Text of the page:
Archive for February, 2011|Monthly archive page
Sometimes, after a long week of work, nothing sounds better on a Saturday night than a nice dinner (that you don’t have to cook) and a good movie.
And since this is Oscar weekend, it seemed appropriate to see an Oscar-nominated film.
But first, the dinner.
We went to one of my favorite restaurants in Ames: Café Shi. The restaurant, located at 823 Wheeler (on the north side of Ames, just off of Grand), describes its food as “international cuisine” – it’s a wonderful mix of Asian, American, and much more.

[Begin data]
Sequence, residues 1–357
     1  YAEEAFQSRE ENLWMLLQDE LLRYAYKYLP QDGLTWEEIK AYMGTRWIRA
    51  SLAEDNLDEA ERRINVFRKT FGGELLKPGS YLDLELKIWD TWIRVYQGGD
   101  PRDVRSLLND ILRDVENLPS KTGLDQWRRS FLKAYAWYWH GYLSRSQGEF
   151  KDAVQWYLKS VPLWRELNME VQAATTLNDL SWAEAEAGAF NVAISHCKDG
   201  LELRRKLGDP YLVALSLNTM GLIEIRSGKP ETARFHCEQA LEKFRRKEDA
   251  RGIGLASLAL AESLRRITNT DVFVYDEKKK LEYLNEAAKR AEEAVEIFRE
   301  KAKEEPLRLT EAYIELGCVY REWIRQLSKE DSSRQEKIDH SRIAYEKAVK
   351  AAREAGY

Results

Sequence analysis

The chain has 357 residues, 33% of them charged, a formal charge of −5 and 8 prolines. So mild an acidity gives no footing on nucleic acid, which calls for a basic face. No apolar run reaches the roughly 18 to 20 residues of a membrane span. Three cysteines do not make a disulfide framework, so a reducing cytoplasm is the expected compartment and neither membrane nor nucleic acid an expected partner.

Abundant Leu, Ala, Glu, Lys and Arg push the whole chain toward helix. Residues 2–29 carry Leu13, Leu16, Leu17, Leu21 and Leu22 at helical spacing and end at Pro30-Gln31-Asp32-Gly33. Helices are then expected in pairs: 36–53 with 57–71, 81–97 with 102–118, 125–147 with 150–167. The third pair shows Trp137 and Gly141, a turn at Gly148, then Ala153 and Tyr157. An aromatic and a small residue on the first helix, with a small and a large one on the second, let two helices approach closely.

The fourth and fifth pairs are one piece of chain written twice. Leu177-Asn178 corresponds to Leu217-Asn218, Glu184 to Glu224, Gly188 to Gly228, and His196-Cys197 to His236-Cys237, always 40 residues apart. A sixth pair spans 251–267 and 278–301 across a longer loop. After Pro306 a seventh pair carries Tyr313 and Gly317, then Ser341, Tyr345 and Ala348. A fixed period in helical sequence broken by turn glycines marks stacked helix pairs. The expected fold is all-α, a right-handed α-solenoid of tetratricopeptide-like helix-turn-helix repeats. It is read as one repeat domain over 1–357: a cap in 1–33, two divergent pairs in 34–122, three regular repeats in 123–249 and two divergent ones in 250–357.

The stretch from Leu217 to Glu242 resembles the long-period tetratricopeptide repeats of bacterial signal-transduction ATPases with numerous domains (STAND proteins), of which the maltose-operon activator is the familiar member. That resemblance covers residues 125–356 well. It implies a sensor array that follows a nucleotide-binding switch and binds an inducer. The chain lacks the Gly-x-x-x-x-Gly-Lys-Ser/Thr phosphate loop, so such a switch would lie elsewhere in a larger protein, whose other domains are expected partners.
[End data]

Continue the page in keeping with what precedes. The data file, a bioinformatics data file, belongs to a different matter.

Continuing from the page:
The challenge for me is to order something new, because I have my favorites and I always want to order them. To start with, Café Shi’s appetizers are about the best I’ve ever tasted, so it’s tempting to just get a couple of apps, a glass of wine or pint of beer, one of their amazing desserts, and call it dinner. That’s what I usually do. If you are like-minded, go for the truffle parmesan fries with aioli dipping sauces and the guacamole with freshly-fried tortilla chips. Finish it off with a piece of coconut pie. You will not be disappointed.
For those who prefer actual entrees for their meal, you can choose from Asian-inspired spicy rice, Vietnamese curry, banh mi, or shrimp pad Thai. Or go for the Southwestern chicken pasta, jambalaya, lemon chicken primavera, or many other steak, chicken, seafood, and pasta dishes. Café Shi also features excellent soups and salads, and the menu changes frequently.